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How does a Scrum team account for dev/infrastructure tasks in the planning meeting?

At first glance, they do not seem like user stories since they do not deliver end user value.

However, attaching them as tasks to a particular user story sometimes does not make sense either. For example, say the task is: "Setup Bamboo." That task is not required to complete any user story since the team could manually build and deploy. So attaching it to a user story does not make sense since this task is not required to complete the user story.

So, then, this suggests that these tasks become user stories. But then, if the team story points them, then this changes the velocity which is odd since the Product Owner wants to know the velocity against his backlog, not against his backlog with a bunch of technical user stories attached to it.

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10 Answers 10

They're not actually user stories. They're stakeholder stories. Unless the software is actually paid for direct by users, it's rare that a story is created entirely for their benefit.

I give you a couple of examples:

  • keyworded articles, which allow advertisers to have more effective adverts
  • CAPTCHAs, which are there to stop moderators having to deal with spam manually.

Most technical stories actually provide a business benefit, but it's rarely for the users. Phrasing them in a different way can help. I normally use Chris Matts' Feature Injection template:

In order to <achieve my goal>
As <the stakeholder who wants the goal>
I want (<some users to do>) <some stuff>.

This explicitly recognises all kinds of stakeholders, including the development team. Now you can phrase your technical stories too, calling out the business benefit:

In order to minimize the risk of deploying something broken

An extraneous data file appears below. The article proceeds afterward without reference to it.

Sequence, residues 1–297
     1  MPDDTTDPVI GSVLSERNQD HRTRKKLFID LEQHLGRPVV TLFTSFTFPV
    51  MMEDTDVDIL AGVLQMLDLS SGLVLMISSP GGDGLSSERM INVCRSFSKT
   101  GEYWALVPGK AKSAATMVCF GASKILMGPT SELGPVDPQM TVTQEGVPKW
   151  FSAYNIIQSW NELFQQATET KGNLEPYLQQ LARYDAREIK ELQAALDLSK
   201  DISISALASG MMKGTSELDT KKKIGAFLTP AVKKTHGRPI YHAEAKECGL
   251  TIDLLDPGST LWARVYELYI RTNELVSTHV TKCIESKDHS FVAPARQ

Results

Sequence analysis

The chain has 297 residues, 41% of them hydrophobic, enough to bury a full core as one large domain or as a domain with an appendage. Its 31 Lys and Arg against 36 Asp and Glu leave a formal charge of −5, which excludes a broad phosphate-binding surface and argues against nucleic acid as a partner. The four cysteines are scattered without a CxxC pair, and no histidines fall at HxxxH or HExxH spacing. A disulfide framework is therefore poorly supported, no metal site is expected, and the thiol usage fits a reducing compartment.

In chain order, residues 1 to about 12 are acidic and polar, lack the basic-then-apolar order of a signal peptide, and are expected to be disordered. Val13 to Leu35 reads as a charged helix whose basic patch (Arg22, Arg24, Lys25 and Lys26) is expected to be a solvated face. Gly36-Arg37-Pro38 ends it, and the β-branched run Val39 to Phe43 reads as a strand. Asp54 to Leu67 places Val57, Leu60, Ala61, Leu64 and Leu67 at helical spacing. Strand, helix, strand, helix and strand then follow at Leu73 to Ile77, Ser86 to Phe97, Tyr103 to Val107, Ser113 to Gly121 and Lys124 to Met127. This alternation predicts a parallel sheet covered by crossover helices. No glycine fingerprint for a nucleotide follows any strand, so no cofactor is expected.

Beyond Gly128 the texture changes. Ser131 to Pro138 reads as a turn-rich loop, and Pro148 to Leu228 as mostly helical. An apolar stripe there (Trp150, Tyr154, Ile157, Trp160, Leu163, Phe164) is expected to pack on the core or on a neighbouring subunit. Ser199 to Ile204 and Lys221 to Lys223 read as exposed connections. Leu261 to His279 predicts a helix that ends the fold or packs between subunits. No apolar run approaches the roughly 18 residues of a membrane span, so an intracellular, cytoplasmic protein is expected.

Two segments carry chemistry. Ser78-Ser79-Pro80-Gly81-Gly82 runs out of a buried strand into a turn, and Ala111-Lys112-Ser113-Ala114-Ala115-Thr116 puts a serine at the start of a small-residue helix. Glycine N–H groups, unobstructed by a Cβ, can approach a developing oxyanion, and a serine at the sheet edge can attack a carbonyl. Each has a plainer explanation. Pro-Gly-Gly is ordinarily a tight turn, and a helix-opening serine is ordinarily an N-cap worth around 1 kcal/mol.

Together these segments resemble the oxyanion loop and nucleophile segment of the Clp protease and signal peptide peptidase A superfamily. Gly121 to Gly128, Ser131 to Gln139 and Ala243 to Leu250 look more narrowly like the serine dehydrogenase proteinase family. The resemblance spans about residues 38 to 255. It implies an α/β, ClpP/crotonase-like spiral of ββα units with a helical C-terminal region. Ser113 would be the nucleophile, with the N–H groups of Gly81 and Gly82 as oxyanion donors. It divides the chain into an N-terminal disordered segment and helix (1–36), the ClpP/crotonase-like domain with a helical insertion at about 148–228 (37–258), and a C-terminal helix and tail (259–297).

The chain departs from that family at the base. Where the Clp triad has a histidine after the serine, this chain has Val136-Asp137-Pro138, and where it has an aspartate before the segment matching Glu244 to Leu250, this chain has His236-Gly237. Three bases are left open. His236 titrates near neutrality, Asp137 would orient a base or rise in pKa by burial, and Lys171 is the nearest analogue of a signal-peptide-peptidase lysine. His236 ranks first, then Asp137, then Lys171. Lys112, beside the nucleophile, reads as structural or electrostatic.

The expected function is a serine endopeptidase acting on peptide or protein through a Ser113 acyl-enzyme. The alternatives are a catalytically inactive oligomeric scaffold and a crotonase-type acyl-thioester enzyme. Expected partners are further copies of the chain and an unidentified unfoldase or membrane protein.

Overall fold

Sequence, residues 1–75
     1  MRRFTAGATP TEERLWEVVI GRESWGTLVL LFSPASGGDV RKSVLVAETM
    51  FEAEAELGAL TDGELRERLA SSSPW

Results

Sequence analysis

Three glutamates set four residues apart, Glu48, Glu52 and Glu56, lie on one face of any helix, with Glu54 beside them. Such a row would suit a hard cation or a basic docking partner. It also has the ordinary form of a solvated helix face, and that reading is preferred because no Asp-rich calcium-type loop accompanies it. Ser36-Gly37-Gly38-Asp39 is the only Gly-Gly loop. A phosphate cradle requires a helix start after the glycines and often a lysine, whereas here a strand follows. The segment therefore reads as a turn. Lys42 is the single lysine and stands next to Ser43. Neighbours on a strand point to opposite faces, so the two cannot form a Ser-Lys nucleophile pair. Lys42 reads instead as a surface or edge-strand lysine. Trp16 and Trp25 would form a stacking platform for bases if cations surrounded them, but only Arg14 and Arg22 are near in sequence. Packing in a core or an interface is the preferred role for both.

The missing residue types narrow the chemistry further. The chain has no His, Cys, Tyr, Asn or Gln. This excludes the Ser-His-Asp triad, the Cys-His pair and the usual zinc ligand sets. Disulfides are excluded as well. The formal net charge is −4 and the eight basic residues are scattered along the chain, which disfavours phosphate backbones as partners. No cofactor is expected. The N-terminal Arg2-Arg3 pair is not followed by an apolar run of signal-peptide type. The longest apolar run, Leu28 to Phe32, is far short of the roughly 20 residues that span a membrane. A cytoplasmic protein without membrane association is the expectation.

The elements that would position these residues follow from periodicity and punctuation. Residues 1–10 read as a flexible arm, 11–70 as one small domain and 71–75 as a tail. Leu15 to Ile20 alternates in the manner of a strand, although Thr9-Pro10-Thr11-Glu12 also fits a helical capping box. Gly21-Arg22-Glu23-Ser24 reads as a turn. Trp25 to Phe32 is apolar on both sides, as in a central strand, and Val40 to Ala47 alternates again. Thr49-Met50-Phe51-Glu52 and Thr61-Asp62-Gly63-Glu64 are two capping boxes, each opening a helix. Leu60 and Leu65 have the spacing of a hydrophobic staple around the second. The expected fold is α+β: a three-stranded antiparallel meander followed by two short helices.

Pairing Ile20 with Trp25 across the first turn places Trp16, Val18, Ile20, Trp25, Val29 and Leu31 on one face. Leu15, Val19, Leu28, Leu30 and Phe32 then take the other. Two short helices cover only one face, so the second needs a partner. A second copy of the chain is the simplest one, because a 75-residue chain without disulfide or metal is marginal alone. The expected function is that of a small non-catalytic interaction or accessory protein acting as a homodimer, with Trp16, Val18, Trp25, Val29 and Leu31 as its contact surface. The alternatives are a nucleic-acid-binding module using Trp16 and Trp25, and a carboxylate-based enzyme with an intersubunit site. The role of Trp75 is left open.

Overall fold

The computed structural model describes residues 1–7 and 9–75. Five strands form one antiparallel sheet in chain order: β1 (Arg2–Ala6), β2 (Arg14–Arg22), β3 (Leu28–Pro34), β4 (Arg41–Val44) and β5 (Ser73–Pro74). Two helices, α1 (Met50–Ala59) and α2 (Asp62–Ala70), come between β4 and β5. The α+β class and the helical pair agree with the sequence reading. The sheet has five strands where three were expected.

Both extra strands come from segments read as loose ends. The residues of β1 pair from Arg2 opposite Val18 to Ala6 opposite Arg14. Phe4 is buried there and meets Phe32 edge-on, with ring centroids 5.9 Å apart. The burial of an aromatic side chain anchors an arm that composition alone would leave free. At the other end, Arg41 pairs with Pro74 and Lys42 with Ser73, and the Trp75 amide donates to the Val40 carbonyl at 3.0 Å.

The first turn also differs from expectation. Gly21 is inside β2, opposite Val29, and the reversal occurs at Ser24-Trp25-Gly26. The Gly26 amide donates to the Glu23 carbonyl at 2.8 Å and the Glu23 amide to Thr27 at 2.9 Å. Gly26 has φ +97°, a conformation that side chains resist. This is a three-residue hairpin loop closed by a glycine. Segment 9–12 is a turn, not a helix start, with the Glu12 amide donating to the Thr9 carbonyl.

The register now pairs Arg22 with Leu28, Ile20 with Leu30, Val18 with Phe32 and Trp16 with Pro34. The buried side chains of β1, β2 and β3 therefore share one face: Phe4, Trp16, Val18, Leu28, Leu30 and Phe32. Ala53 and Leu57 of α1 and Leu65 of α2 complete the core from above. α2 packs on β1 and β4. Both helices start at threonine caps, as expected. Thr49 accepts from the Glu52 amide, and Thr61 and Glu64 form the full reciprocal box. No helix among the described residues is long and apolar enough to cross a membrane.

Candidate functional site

As the team deploying the code
We want to spend a few days on an automated deployment system.

I've written a couple of blog posts on this: They're not User Stories, and Feature Injection and handling technical stories. Hope they help.

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Semantics...IMHO this goes against the Agile philosophy; adding needed separation where it provides no real value other then warm fuzzy feelings. –  Aaron McIver Mar 24 '11 at 16:13
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Are you speaking from experience, or theorising? I ask because I've used this template with a number of teams now, and found that putting the goal first really helps establish what's necessary to achieve the project vision. Mike Cohn uses "so that" optionally. I don't believe it is. –  Lunivore Mar 24 '11 at 16:55
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@Soronthar Where does it end then? "In order to reduce the frustration levels, as a development team we want make our own rules" It's circular in nature. That is one reason that you remained focused on the user and that is it. Tasks should be hidden from the PO; as the PO should not have to concern themselves with those details. –  Aaron McIver Mar 24 '11 at 18:17